Long- and short-lived mutants: synergistic/antagonistic genetic interventions
The main goal of the SynergyAge database is to host high-quality, manually curated information about the synergistic and antagonistic lifespan effects of genetic interventions in model organisms. Although our group aims to better understand human aging, data on the effect of multiple genetic manipulations in humans is inexistent (for obvious reasons). As such, SynergyAge relies on reporting combinations of genetic manipulations from model organisms only. Currently three organisms are included, worms, flies and mice, with data curated so far coming mostly from worms. This bias is mainly due to a easier methodology of modulating gene expression in worms (e.g. through RNAi) but also due to lifespan screening in worms being much faster (worms live much less and are a friendly model for this type of studies). All entries in SynergyAge are based on experimentally validated results from peer-reviewed scientific literature and are manually extracted by our database curators. We also aim to make the searching pattern for new combinations as unbias as possible, however this will always have a subjectivity component from human selection (if you feel we missed a paper that should be here, please do not hesitate to contact us).
For more details, about the way we select papers and mutants for inclusion, please see our Methods section. Briefly, the genes included in this database are generally model organism longevity-associated genes, meaning that it was shown that they significantly affect lifespan through genetic manipulations in healthy animals (for more details, see the definition of longevity-associated genes in the GenAge database or in the HAGR paper). For each combination of genes, a description about the lifespan effect and experimental conditions is given, reference(s) to the scientific study describing the effect, as well as informations about genes and lifespans of single mutants. This information is presented both in a textual form and a graphical form, allowing users to look at a bigger picture on the additivity effect (or lack of) for multiple genetic interventions.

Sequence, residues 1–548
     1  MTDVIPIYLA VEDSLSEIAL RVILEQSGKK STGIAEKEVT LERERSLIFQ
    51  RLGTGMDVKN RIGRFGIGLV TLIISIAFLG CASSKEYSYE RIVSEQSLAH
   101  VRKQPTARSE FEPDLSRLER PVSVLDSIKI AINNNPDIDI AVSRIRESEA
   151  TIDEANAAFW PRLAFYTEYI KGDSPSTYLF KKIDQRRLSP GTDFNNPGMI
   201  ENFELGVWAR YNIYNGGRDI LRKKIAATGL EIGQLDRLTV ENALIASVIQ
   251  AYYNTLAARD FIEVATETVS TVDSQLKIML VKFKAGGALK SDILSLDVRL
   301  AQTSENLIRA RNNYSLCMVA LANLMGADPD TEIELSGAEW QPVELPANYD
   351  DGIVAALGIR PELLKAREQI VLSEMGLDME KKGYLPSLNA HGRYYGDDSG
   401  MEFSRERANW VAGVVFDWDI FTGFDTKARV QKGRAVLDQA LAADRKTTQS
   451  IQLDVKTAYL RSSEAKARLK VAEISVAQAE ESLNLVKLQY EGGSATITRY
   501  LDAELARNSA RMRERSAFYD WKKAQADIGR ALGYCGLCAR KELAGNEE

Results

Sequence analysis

Currently, the database contains a few hundreds mutants, however our curation process is just beginning and we expect to collect more and more data. This data will be made public in periodic data versions (for user to easily keep track of the dataset that they use).
If you would like to cite this database please use:
Bunu, G., Toren, D., Ion, C. et al. SynergyAge, a curated database for synergistic and antagonistic interactions of longevity-associated genes. Sci Data 7, 366 (2020). https://doi.org/10.1038/s41597-020-00710-z
The Systems Biology of Aging Group is a research group based in the Institute of Biochemistry of the Romanian Academy. With a highly multi-disciplinary team, our areas of interest span biogerontology, systems biology and bioinformatics, and our projects include both computational aspects (data aggregation and processing, multidimensional data analysis, network-based methods, systems theory approaches, deep learning, etc.) as well as wet-lab experiments (in particular in-vivo testing of the computationally predicted interventions). Broadly speaking, our mission is to use and develop computational tools, with the goal of enhancing our knowledge and understanding of the aging process.
This project is currently part of a larger EU/RO grant, Gerontomics, to develop a Multi-omics Prediction System for Prioritization of Gerontological Interventions.
If you would like to read more about our group or about the Gerontomics project, please visit our page at www.aging.biochim.ro.
This work is licensed under a Creative Commons Attribution 4.0 Unported License.
The SynergyAge database is free for all purposes, including commercial, educational, and research purposes provided however that you cite the usage of SynergyAge in subsequent presentations, publications, etc. Although referring to the URL might be enough in some cases (e.g., teaching and websites), for scientific publications we ask that you cite the paper describing SynergyAge. You may link freely to our databases.
The SynergyAge database does not give, share, sell, or transfer any personal information about our visitors unless required by law enforcement or statute.
Currently, a scientific paper describing this database is under preparation. If you would like to cite SynergyAge before the publication we ask you to please contact us.
This website is in compliance with the EU General Data Protection Regulation (GDPR). Please note that our website collects e-mail addresses from submitters of article suggestions. We need this information to potentially contact the submitter in case the reason for suggesting a certain scientific article for inclusion is not straightforward. The data is kept until the article suggestion is fully processed. If however at any time you would like your information to be completely erased from our database, please send an e-mail to the head of our group , and we will immediately proceed to do this. No other personal information (e.g. cookies, location, etc) is collected by our website.